The modern city was founded in 1854 when the Russians established the military fortification of Zailiyskoye (renamed Verny in 1855) on the site of the ancient settlement of Almaty, which had been destroyed by the Mongols in the 13th century. Cossacks, peasant settlers from European Russia, and Tatar merchants soon established themselves in the vicinity, and in 1867 the fortification became the town of Verny and the administrative centre of newly created Semirechye province of the governorate-general of Turkistan. By 1906 the population had grown to 27,000, two-thirds of whom were Russians and Ukrainians. Soviet rule was established in 1918.
In 1921 the city was renamed Alma-Ata, for its Kazakh name, Almaty (literally “Father of Apples”), alluding to the many apple trees in the locality. The transfer of the Kazakh capital from Kzyl-Orda (Kazakh: Qyzylorda) to Alma-Ata in 1927. From 1927 to 1936 Alma-Ata was the capital of the Kazakh ASSR; from 1936 to 1991 - the capital of the Kazakh SSR; from 1991 to 1997 - the first capital of the Republic of Kazakhstan. In 1997, the capital was moved to Akmola (from May 6, 1998 - Astana, from March 23, 2019 - Nur-Sultan), and a new status was assigned to Alma-Ata - the "Southern Capital of Kazakhstan".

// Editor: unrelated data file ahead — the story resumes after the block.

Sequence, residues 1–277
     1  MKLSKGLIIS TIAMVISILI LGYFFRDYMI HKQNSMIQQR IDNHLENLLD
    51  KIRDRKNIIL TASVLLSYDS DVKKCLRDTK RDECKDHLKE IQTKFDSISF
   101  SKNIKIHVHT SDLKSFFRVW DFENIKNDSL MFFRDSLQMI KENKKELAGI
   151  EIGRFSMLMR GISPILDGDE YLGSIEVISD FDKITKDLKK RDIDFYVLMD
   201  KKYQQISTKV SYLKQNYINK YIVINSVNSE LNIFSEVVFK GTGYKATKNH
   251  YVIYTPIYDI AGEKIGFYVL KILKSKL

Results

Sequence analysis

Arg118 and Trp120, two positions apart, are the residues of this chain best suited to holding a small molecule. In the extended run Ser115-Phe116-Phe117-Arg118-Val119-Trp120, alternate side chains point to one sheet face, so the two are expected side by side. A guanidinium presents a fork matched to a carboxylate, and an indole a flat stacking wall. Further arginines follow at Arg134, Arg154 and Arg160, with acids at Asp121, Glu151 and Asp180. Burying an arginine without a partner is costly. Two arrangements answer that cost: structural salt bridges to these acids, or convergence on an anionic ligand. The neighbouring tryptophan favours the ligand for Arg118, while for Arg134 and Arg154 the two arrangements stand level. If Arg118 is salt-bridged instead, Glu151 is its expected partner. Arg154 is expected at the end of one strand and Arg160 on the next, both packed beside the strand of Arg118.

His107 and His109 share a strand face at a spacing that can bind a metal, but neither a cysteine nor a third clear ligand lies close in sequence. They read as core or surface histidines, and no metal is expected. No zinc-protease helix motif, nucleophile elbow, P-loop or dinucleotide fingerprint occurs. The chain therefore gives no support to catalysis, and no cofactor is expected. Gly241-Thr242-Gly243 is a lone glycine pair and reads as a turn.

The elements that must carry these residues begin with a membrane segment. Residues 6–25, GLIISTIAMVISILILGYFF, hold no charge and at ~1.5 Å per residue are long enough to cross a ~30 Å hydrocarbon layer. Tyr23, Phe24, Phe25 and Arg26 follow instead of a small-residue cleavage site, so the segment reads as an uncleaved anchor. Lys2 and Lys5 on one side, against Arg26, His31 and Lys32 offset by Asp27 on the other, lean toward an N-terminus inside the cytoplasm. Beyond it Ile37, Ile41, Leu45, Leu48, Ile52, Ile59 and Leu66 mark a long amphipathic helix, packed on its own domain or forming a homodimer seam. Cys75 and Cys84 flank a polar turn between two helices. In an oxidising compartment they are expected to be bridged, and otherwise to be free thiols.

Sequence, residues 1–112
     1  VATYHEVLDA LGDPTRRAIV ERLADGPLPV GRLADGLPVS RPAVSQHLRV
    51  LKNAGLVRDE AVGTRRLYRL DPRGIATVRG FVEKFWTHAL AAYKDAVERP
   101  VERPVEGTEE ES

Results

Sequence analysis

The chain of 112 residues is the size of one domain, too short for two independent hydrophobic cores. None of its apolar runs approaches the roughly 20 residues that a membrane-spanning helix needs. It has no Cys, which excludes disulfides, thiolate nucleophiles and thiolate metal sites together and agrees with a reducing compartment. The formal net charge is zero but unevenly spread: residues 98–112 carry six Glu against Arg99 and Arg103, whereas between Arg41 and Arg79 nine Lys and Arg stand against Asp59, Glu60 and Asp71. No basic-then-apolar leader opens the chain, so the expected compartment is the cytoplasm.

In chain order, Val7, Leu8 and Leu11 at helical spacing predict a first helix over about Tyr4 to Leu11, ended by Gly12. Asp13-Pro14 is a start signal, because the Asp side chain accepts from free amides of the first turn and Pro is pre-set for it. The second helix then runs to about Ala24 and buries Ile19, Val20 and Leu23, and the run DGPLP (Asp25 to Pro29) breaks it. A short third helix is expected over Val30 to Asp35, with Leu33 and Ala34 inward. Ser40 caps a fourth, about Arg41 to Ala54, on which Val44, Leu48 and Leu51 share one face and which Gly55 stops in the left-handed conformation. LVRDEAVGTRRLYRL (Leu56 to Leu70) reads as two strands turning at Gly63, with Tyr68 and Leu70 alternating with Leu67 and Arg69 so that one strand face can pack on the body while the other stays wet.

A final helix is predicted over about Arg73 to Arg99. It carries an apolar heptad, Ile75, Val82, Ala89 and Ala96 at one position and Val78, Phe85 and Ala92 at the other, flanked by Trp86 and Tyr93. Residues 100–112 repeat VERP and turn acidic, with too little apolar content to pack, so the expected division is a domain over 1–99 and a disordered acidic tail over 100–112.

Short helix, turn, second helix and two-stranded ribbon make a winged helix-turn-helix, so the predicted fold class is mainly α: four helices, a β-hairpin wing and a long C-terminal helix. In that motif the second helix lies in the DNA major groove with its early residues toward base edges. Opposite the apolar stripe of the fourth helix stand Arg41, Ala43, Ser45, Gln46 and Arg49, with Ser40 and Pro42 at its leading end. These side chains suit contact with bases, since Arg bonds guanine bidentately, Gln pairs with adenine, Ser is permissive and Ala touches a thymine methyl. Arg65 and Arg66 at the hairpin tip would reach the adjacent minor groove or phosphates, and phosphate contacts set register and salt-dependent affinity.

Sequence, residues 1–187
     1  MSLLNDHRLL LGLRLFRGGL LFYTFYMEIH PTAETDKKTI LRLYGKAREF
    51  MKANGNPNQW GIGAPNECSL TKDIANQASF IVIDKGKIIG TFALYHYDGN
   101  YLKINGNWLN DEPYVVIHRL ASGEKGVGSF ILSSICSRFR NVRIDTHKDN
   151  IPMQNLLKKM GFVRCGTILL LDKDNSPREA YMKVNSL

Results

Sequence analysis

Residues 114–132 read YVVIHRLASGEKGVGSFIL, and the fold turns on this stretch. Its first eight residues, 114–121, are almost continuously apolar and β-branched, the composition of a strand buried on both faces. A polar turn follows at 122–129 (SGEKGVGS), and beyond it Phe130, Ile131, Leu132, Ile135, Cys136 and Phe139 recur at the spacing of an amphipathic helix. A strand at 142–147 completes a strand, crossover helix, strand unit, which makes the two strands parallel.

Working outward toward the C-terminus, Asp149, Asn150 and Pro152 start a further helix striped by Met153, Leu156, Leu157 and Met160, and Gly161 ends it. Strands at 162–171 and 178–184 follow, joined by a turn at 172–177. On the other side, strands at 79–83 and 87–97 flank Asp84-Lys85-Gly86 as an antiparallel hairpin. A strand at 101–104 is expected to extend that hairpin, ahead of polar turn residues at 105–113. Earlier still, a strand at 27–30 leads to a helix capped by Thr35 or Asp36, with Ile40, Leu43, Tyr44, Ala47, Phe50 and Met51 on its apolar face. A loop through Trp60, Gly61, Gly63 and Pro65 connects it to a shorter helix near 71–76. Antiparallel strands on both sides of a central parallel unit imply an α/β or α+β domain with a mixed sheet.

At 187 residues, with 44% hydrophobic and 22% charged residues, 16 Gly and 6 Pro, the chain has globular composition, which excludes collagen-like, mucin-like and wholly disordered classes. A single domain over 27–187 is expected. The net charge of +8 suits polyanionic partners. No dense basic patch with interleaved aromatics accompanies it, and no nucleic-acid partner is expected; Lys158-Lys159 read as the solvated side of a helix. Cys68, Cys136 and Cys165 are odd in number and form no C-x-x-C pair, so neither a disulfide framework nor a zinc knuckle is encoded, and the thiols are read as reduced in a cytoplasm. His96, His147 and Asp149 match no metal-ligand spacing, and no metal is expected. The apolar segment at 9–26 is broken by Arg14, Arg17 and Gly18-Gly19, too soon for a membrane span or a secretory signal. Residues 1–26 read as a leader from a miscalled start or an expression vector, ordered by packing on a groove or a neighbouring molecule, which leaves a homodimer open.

Despite the loss of political and administrative functions, Alma-Ata continues to be the cultural, financial and economic center of the country. In addition, until 2017 it was the only millionaire city in Kazakhstan; Astana became the second such city.
Alma-Ata is located in the extreme south-east of Kazakhstan, at the foot of the Zailiysky Alatau mountains and has a peculiar, rather mild climate regime with a difficult environmental situation.